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Front Mol Neurosci


Lateral Hypothalamic Orexin Neurons Mediate the Reward Effects of Pain Relief Induced by Electroacupuncture.


Wang C, Chen M, Qin C, Qu X, Shen X, Liu S
Front Mol Neurosci. 2022; 15:812035.
PMID: 35299694.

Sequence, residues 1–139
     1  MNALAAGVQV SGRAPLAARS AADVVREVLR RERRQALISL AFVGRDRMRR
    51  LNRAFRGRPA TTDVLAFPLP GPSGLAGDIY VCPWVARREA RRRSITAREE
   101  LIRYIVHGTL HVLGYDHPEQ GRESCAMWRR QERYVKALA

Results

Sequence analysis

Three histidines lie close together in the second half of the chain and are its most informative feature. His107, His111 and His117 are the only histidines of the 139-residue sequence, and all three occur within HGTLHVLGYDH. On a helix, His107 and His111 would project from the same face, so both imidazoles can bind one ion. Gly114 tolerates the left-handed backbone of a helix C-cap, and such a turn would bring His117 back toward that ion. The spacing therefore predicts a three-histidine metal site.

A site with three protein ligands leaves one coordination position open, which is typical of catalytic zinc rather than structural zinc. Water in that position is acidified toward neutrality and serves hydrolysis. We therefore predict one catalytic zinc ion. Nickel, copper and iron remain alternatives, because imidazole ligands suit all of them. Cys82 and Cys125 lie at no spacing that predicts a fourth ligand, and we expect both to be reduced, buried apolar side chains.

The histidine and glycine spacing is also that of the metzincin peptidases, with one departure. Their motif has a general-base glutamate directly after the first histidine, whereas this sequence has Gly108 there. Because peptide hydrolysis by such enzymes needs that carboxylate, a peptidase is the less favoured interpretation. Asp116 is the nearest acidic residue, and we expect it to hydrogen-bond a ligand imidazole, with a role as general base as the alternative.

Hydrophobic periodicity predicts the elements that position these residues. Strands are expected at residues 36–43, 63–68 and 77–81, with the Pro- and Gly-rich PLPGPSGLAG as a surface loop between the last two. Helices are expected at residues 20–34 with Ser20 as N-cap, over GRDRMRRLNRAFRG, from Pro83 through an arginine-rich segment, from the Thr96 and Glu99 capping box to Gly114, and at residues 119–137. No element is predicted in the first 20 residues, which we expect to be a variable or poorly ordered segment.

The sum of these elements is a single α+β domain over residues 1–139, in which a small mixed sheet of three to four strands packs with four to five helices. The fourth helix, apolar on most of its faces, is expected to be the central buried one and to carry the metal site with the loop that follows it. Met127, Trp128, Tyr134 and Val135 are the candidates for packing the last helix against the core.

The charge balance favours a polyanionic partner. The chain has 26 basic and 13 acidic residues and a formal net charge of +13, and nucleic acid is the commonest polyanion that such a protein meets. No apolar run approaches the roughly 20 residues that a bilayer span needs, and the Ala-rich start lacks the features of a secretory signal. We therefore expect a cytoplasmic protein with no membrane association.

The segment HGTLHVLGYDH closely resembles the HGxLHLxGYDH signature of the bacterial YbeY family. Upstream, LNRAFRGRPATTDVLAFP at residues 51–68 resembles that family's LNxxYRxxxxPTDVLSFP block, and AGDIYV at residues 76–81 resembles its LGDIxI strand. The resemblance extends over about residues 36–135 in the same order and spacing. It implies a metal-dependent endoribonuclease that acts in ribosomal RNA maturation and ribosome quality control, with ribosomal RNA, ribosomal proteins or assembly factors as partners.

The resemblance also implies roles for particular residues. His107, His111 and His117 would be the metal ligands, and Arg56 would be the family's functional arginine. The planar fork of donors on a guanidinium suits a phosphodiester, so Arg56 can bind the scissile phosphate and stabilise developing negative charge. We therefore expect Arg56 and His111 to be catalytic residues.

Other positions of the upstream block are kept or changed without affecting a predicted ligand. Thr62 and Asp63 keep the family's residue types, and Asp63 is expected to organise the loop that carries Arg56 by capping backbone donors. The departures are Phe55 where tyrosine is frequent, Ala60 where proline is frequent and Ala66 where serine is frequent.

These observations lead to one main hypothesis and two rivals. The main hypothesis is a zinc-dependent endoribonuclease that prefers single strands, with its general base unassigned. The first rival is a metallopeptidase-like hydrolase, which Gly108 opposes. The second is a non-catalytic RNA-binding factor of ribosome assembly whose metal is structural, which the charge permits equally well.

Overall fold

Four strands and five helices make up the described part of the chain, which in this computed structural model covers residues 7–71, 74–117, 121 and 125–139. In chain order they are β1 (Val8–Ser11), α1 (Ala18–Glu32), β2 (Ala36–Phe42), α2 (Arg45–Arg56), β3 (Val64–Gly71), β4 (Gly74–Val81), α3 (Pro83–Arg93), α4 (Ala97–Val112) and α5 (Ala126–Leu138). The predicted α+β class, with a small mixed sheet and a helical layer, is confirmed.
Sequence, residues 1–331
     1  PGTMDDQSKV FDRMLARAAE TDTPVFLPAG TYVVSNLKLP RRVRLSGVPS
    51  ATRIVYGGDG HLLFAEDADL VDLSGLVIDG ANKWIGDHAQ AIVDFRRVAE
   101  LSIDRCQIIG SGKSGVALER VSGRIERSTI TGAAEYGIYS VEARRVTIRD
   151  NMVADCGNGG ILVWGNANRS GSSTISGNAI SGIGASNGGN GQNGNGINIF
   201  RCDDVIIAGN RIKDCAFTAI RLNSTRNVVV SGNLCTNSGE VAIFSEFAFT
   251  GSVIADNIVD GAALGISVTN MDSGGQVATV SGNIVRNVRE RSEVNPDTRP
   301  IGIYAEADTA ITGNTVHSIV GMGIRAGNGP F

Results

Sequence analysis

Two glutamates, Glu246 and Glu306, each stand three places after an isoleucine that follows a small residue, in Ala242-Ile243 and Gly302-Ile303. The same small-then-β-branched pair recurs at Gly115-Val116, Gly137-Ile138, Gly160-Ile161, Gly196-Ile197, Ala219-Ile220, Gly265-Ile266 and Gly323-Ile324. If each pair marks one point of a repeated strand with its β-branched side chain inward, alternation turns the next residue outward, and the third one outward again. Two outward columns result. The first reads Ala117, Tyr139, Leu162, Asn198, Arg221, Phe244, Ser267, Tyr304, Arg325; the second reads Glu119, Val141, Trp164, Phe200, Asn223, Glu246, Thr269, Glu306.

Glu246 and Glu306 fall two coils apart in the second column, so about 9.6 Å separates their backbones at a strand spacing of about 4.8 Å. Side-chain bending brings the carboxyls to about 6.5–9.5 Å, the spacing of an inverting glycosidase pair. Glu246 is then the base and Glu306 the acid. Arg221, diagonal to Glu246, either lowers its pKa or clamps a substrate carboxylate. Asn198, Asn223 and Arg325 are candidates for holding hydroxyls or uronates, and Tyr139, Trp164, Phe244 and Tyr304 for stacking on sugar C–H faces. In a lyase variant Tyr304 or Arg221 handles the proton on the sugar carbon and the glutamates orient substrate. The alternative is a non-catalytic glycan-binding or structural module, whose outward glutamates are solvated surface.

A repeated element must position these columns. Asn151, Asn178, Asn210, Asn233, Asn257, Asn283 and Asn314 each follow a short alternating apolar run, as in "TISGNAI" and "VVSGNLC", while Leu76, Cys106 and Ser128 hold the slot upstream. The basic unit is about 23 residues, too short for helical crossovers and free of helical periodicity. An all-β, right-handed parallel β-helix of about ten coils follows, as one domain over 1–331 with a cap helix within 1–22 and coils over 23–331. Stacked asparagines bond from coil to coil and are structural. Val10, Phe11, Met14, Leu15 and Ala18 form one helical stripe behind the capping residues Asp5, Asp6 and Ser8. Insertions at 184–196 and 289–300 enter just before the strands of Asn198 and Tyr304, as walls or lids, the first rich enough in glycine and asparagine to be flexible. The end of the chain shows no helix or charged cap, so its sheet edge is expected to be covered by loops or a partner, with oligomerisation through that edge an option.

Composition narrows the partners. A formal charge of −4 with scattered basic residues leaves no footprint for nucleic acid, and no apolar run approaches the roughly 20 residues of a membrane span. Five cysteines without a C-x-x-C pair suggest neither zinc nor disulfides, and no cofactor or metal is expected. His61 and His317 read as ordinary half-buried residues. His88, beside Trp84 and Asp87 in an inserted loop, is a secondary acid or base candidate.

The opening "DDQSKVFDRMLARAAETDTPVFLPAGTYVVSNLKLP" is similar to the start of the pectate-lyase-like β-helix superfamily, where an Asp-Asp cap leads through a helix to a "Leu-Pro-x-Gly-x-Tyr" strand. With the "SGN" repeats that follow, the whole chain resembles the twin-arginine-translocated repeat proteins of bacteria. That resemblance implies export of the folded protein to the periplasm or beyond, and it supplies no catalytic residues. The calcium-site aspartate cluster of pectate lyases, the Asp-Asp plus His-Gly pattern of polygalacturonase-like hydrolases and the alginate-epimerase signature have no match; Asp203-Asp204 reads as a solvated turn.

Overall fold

The reward of pain relief caused by acupuncture has been found to be clinically significant. However, the molecular mechanisms underlying acupuncture-induced reward of pain relief in chronic pain remain unclear and have not been analyzed in suitable preclinical models. Here, we investigated whether acupuncture could potentially induce the reward of pain relief and orexin neuronal signaling in the lateral hypothalamus (LH) and exhibit a possible role in electroacupuncture (EA)-induced reward in spared nerve injury (SNI) rats. Therefore, by using conditioned place preference (CPP) paradigm, we noticed that EA induced the preference for cues associated with EA-induced pain relief in the early, but not late, phase of chronic pain. These observations were different from the immediate antihyperalgesic effects of EA. c-Fos/orexin double labeling revealed that EA stimulation on 14 days but not on 28 days after SNI modeling activated greater numbers of c-Fos positive orexin neurons in the LH after the CPP test. Moreover, the administration of an orexin-A antagonist in the LH significantly blocked the reward effects of pain relief induced by EA. Furthermore, by using cholera toxin b subunit combined with c-Fos detection, we found that the orexin circuit from the LH to the nucleus accumbens (NAc) shell was significantly activated after EA induced CPP. Microinjection of the orexin antagonist into the NAc shell substantially attenuated the CPP induced by EA. Intravenous injection of low-dose orexin-A together with EA resulted in significantly greater antihyperalgesia effects and CPP scores. Together, these findings clearly demonstrated that LH orexin signaling could potentially play a critical role in the reward effects of pain relief induced by acupuncture. The observations of the present study extended our understanding of orexin signaling in the LH and its role in EA-induced reward, providing new insights into the mechanisms of acupuncture analgesia.